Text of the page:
Goats become heroes on Kauai

SUBHEAD: Many people who've lived in Hawaii all their lives don't know what being a farmer is like. Image above: Customers line up at Kunana Farms booth at KCC's Saturday farmer's market. By Cheryl Chee Tsutsumi on 14 February 2010 in the Star Bulletin - (http://www.starbulletin.com/travel/20100214_goats_become_heroes_in_kauai_tour.html)

Peggy's favorite treat is banana peels. Precious loves being a midwife. Sweetheart craves attention and has no qualms about butting everyone else out of the way to get it.

Ryan Wooton knows the idiosyncrasies of each of the 40 milking goats at his family's 15-acre Kauai Kunana Dairy, the only dairy on Kauai. All of the goats have names and distinct personalities. From their milk, the Wootons make eight varieties of gourmet cheese, including marinated artichoke, sun-dried tomato and garlic chive chevre. They also manufacture goat milk soap, shampoo, lotion and conditioner.

The dairy is a partnership between Wooton; his parents, Bob and Louisa; and his wife, Sarah. In addition to the cheese and beauty products, they sell free-range chicken eggs, certified organic produce and a host of items made from them, including pestos, salsas, vinaigrettes, guacamoles, juices, cookies, breads and granola. Hives yield honey and beeswax for lip balms, lotions, salves and soap.

A weekly two-hour tour led by Wooton and Sarah sheds light on all aspects of the bustling, multifaceted business. "We started the tour in 2008 to give visitors something different to do and see," Wooton said. "We've found that people are interested in learning where their food comes from. We begin by serving fruit bread with honey, lilikoi goat cheese and lemonade. We grow or make everything that participants taste on the tour."

Launched in 1999, Kauai Kunana Dairy is an outgrowth of the farm that Bob and Louisa started two decades earlier. They primarily grew tomatoes and greens back then. Today their family cultivates hundreds of varieties of fruits, vegetables and herbs ranging from beets, basil and bananas to lesser-known tomatillos, kohlrabi and tat tsoi.

Guests can taste anything that catches their eye as they stroll through the grounds. Wooton and Sarah explain the best ways to prepare them and also describe the sustainable practices that earned the company a Green Business Initiative Award from the Kauai Rotary Club last year.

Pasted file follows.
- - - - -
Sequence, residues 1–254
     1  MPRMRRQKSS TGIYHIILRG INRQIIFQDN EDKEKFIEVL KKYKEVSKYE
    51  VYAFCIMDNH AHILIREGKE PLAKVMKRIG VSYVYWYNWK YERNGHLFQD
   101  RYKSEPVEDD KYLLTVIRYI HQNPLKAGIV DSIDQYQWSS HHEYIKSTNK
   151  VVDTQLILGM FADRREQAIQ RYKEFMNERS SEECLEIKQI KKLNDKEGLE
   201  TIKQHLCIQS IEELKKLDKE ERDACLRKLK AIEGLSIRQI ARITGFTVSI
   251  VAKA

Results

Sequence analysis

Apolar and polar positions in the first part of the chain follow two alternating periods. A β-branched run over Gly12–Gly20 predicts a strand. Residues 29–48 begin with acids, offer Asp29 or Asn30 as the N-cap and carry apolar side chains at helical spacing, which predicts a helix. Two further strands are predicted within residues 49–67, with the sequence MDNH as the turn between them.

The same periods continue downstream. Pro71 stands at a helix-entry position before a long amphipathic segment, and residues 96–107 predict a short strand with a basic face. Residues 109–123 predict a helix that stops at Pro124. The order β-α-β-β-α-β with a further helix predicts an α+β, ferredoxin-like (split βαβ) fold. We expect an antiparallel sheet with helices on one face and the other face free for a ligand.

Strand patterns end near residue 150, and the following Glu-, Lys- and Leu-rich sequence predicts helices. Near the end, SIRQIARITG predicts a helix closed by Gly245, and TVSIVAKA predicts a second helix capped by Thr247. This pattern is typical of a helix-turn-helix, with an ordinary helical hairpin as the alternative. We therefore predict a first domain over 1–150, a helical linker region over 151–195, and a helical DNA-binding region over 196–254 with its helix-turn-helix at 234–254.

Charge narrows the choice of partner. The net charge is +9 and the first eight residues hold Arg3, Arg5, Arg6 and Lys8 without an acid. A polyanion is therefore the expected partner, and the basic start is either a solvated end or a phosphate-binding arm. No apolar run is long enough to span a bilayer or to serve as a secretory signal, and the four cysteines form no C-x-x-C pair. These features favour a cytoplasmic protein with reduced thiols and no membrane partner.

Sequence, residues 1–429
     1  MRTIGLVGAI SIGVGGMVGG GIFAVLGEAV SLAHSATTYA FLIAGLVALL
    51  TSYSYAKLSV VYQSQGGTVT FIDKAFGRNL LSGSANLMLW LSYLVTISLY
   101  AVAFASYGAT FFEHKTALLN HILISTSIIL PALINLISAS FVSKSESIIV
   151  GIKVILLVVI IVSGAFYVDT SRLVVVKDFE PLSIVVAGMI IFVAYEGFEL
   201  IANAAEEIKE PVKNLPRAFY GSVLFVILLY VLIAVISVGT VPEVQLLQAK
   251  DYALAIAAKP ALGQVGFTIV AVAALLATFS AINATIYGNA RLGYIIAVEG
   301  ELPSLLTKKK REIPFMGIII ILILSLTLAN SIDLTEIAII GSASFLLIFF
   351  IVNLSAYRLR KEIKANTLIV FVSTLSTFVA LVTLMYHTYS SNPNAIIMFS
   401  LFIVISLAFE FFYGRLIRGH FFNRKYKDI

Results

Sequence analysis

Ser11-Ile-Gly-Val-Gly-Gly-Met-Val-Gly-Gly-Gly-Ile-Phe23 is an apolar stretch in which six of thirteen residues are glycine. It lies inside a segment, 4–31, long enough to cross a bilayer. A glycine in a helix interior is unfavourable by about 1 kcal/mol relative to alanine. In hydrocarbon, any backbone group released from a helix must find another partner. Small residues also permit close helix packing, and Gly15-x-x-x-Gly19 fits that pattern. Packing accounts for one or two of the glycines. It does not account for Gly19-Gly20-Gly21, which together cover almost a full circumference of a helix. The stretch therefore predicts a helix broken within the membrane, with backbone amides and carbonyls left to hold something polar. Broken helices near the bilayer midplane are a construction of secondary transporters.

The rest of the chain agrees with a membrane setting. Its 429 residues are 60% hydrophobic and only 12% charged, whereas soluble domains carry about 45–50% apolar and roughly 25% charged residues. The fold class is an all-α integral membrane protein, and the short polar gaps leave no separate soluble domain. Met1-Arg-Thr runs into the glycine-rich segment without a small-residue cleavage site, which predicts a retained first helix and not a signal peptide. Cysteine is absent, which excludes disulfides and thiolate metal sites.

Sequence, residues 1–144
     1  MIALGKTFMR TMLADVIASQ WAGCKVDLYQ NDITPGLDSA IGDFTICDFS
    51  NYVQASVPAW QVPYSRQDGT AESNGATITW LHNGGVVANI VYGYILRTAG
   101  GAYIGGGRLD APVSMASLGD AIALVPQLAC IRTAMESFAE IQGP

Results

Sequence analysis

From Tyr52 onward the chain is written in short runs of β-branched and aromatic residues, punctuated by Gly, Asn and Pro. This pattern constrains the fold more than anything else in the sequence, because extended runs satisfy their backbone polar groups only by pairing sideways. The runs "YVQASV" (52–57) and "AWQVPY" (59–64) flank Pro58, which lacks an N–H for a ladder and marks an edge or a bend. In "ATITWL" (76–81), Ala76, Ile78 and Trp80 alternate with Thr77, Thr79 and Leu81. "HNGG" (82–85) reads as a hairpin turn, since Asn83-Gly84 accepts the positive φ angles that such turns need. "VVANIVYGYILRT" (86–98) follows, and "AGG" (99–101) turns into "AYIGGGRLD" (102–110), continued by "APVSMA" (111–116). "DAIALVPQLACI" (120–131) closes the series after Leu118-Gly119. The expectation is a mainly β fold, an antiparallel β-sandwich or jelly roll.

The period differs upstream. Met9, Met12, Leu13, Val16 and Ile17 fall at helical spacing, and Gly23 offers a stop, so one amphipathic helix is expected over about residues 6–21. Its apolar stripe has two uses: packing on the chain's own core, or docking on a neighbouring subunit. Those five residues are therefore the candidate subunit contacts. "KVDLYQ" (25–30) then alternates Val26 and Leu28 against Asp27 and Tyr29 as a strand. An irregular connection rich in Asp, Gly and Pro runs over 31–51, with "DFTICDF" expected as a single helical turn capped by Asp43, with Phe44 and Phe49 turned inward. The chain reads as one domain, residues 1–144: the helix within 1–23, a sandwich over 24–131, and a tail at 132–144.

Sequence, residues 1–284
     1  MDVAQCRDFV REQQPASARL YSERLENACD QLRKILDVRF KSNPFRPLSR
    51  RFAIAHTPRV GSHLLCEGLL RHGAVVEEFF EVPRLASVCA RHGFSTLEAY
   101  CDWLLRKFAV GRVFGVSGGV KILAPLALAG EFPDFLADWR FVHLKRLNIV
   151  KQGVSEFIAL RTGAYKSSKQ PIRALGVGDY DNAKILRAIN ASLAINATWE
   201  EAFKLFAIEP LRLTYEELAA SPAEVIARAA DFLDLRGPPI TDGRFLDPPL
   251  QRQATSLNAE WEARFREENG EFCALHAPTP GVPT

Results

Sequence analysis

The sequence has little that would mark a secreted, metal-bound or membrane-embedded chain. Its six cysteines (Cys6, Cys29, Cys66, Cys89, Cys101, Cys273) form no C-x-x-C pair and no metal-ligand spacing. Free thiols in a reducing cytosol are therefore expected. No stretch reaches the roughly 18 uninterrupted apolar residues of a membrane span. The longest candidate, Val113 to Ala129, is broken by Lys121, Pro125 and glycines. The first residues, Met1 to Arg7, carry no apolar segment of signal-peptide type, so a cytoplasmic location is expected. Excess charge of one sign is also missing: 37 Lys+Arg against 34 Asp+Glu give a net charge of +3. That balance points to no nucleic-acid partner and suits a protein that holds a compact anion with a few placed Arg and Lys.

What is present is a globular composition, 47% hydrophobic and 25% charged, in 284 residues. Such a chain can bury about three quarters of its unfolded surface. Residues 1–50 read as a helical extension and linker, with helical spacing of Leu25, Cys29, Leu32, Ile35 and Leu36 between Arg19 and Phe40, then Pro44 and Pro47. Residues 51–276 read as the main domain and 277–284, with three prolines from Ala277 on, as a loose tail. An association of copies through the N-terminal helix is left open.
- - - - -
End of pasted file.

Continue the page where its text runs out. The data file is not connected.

"For instance, all of our mulch comes from tree and hedge trimmings around the farm," Wooton said. "We make 90 percent of our fertilizer out of mulch and goat and chicken manure. We no longer buy plastic bags to pack our customers' purchases at the farmers markets. Instead, we use recycled bags or sell reusable bags at our wholesale cost. We also reuse cardboard boxes as weed suppressants in the aisles of our gardens, where they eventually compost."

During the tour, participants see the gardens, orchards, beehives and jungle that's home to 70 free-range chickens, but the highlight, no doubt, are the stops they make at the goats' pens. Friendly and curious, the animals always come to the fence to greet guests and nibble on branches from nearby hedges that they bring.

In one pen are the pregnant does; in another are the "milking mamas"; in a third are Luther the buck and little ones no more than a year old. At least 100 babies are born at the dairy every year between February and May. Only five females are kept for breeding and milking purposes; the rest are sold.

"Visitors on one tour saw twin goats being born right before their eyes," Wooton said. "Sometimes we see babies that are just a few minutes old. We bring out kids that are several days to several months old so guests can pet them, hug them and get a memorable picture with them."

Kauai Kunana Dairy is sanctioned by Animal Welfare Approved, a nationally recognized certification program that sets and monitors strict animal welfare standards. An AWA representative inspects the company annually to ensure the goats are treated humanely, have plenty of shelter and pasture, and are not fed any antibiotics or hormones.

Five breeds of goats produce 10 gallons of milk per day (35 gallons during the summer). In the "milking parlor," tour-goers learn how the goats are milked. They also view the areas where cheese and other products are made. Their visit concludes with a tasting of several delicious items.

Wooton says the tour gives people the opportunity to experience life on a family-owned farm that promotes sustainability and proper stewardship of the land and animals.

"It's also a great option for kamaaina," he said. "Many people who've lived in Hawaii all their lives don't know what being a farmer is like. Just about the only things in your closet are boots, jeans and T-shirts. You work long hours. At the end of the day, you're dirty and exhausted. More often than not your body aches, but you feel like you've accomplished something good. You shower, eat dinner, go to sleep early and get up early the next day ready to do it all over again."

Phone: (808) 651-5046. Advance reservations are required.

E-mail: ryan@kauaikunanadairy.com

Web site: www.kauaikunanadairy.com Video above: Homegrown Revolution - Radical Change Taking Root (http://www.youtube.com/watch?v=mCPEBM5ol0Q)


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